On Election Day, a reader tagged us on Instagram in this photo they took of the corner of Main Street and Tioronda, just outside of the Howland Cultural Center. In their photo post, they wrote: “I think I’m ready to move to Beacon for this view… just kidding, or maybe not.” They went on to use the hashtags #smalltownvibes to describe a few of the emotions they were feeling about the scene.
I wanted to bring the photo to the surface for a few reasons:
It’s a special thing to be included in someone’s thoughts of how they view Beacon and why they would move here, or have already moved here.
It reminds me of why I moved here.
It shows how someone who does move here and is brand new values the same things that those who currently live here also love and cherish. Sometimes there is a fear of people coming to a “new” great area. (Beacon is always new, it’s always changing, and thanks to the Beacon Historical Society for making it easy for us to follow the city’s living history, and to the neighbors who share their stories on a daily basis.)
Keeping this view seems consistent with the City Council’s rezoning work, that was especially heavy during the Building Moratorium of 2017, where several zoning requirements were tweaked and tightened after several buildings that had existed for a while in concept were built and actually presented themselves in the flesh of concrete.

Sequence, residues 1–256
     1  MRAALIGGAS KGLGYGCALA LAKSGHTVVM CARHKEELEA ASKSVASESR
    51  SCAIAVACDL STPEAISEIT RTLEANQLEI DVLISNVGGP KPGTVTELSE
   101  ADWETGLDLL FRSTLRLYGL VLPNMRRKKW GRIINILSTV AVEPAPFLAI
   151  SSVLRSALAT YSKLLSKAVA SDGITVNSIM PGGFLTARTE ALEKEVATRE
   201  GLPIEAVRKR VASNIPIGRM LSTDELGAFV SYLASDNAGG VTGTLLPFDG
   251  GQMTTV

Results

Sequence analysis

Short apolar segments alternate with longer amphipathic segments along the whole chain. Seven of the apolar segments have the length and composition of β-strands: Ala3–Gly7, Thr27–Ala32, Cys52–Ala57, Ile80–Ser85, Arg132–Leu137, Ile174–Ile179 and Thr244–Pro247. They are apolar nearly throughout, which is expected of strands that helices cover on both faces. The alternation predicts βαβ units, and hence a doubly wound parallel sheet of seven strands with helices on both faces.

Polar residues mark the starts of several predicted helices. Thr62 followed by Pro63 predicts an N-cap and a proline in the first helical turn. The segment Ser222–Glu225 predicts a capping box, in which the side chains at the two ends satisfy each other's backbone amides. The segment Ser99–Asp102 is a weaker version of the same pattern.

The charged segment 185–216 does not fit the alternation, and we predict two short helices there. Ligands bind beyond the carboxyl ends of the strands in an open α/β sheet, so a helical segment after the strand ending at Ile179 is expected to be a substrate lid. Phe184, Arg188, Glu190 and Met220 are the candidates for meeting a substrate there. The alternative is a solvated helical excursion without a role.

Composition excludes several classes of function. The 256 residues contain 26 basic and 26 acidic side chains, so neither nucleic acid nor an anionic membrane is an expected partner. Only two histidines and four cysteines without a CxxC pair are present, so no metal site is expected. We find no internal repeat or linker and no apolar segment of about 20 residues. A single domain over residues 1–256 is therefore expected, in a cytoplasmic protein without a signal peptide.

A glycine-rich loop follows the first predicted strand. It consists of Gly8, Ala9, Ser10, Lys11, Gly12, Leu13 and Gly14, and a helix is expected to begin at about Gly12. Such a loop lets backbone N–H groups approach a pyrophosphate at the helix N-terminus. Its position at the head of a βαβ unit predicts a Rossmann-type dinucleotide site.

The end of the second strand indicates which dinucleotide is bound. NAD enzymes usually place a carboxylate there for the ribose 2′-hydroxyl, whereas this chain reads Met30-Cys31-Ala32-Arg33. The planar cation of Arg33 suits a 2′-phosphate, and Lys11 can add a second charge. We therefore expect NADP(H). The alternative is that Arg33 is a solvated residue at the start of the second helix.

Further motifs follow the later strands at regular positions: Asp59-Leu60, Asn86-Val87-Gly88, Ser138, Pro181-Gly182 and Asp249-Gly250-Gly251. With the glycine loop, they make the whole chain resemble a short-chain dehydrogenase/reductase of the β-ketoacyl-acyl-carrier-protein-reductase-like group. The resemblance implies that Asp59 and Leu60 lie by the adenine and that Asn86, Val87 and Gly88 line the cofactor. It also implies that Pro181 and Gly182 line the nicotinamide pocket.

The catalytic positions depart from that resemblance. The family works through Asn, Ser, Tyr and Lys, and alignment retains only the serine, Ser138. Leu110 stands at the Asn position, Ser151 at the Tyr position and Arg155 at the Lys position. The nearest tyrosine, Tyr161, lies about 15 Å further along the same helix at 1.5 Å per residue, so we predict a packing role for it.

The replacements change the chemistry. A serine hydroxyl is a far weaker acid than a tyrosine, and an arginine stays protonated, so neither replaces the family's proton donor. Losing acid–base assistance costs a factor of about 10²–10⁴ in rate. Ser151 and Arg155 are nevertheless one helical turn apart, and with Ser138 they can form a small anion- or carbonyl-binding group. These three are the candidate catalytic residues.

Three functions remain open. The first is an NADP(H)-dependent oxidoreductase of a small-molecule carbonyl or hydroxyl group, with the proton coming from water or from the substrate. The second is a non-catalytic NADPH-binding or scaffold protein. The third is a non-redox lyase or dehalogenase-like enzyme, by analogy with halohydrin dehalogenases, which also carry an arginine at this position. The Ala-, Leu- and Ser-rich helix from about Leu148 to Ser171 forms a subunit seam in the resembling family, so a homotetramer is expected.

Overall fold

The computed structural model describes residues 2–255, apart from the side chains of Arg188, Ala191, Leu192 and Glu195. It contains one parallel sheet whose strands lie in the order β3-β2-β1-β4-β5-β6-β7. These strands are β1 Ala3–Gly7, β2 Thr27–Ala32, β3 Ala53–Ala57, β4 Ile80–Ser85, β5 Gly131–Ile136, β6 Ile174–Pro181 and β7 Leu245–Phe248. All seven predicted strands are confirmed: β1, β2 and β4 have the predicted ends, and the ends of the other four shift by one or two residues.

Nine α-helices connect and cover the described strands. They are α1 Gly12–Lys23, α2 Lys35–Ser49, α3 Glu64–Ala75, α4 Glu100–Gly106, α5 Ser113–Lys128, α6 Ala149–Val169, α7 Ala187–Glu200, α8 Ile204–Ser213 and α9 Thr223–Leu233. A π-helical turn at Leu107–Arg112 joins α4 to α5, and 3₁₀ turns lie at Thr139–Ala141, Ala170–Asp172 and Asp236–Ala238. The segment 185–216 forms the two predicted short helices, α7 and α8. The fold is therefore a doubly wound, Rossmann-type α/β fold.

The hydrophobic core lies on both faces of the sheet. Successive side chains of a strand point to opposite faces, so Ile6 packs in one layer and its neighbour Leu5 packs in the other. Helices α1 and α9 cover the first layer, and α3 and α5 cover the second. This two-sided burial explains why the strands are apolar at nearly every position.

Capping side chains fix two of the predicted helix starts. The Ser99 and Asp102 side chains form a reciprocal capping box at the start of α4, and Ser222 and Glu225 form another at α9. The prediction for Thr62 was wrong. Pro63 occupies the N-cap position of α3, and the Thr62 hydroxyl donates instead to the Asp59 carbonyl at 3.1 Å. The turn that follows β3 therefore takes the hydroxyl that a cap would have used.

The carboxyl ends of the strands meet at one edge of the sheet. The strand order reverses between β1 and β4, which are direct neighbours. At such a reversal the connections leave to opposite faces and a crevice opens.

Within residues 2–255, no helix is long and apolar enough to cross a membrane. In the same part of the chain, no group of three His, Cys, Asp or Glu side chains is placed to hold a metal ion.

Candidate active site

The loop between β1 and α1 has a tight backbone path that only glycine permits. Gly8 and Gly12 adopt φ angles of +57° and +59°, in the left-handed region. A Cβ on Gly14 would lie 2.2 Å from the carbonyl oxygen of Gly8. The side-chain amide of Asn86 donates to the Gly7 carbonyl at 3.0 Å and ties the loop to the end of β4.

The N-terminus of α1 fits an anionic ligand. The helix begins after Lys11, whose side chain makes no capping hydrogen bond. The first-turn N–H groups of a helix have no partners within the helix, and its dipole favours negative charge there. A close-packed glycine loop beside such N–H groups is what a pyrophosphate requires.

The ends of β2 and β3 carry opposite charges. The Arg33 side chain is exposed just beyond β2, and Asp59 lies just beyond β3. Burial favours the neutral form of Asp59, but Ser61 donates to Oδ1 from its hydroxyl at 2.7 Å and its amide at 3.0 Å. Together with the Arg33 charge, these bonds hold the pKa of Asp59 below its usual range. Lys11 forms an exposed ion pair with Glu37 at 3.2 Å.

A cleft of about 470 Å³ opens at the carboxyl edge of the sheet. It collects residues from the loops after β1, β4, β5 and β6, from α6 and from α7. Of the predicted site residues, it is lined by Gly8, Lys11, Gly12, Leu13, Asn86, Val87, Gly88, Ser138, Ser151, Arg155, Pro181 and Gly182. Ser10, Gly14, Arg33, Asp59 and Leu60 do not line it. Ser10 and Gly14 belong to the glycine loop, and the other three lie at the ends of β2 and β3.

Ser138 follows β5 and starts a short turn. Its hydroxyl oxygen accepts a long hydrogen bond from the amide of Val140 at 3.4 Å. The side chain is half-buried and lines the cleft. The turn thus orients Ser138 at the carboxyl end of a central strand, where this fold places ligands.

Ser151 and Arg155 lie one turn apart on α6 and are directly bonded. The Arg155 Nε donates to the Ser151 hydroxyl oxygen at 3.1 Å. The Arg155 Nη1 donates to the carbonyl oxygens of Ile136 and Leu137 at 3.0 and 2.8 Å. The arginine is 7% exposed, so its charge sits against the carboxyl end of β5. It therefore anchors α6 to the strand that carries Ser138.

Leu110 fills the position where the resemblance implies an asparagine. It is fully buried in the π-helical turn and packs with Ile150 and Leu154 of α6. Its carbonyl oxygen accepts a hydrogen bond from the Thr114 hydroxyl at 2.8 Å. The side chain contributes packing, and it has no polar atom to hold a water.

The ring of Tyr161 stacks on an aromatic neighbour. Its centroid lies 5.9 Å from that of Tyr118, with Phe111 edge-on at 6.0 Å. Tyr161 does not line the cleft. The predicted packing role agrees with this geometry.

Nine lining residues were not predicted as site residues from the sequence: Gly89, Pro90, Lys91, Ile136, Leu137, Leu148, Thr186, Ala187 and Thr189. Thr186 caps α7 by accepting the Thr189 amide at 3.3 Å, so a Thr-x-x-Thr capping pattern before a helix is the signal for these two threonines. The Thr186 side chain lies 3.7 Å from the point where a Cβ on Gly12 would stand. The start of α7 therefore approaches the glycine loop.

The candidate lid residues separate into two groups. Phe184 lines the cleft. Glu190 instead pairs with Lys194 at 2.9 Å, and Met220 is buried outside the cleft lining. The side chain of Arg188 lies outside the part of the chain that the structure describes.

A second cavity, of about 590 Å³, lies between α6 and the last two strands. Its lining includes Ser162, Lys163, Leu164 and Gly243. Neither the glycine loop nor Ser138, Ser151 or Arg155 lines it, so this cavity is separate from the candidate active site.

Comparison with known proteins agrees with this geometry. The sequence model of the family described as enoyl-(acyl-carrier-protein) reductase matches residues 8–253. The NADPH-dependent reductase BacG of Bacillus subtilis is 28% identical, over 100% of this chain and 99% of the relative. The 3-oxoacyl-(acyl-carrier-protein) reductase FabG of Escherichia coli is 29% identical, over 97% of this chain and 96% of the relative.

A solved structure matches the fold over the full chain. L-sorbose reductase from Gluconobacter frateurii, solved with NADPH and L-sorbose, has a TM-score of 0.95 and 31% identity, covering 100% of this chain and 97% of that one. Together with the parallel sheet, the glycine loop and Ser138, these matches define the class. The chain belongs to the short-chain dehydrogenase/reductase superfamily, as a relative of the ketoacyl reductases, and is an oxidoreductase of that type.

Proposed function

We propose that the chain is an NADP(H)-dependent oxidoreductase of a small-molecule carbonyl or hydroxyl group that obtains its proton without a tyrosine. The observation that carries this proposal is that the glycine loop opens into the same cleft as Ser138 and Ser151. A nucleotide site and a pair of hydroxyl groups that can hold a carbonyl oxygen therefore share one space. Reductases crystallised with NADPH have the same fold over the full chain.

In the December 18, 2017 City Council Meeting, legislation was passed for the Fishkill Creek Development that would limit the height of a building to three stories. After a new four-story building was constructed at 344 Main Street, the public pushed for limits to the heights of buildings. The new legislation caps new buildings at three stories and not more than 40 feet in height, as first reported by Jeff Simms for the Highlands Current.
When, or if, you see pictures of people who live in New York City getting fresh air, it is usually at Central Park, and many tree branches are in the frame. They want more tree branches in the frame. All of the numerous founding transformational people of Beacon, and there have been many over the generations (the Howlands, the Sauers, etc.) have come from far downstate in the city, to our lower “upstate” region in the south of the state, all looking for space and fresh air above and around them.